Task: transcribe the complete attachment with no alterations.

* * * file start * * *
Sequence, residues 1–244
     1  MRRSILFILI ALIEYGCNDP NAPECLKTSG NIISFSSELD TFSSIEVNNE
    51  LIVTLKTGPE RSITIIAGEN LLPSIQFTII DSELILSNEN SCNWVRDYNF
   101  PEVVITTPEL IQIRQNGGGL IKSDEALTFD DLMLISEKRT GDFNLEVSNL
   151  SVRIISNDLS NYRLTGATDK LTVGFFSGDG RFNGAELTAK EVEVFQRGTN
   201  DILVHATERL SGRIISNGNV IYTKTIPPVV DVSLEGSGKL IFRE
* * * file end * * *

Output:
Sequence, residues 1–244
     1  MRRSILFILI ALIEYGCNDP NAPECLKTSG NIISFSSELD TFSSIEVNNE
    51  LIVTLKTGPE RSITIIAGEN LLPSIQFTII DSELILSNEN SCNWVRDYNF
   101  PEVVITTPEL IQIRQNGGGL IKSDEALTFD DLMLISEKRT GDFNLEVSNL
   151  SVRIISNDLS NYRLTGATDK LTVGFFSGDG RFNGAELTAK EVEVFQRGTN
   201  DILVHATERL SGRIISNGNV IYTKTIPPVV DVSLEGSGKL IFRE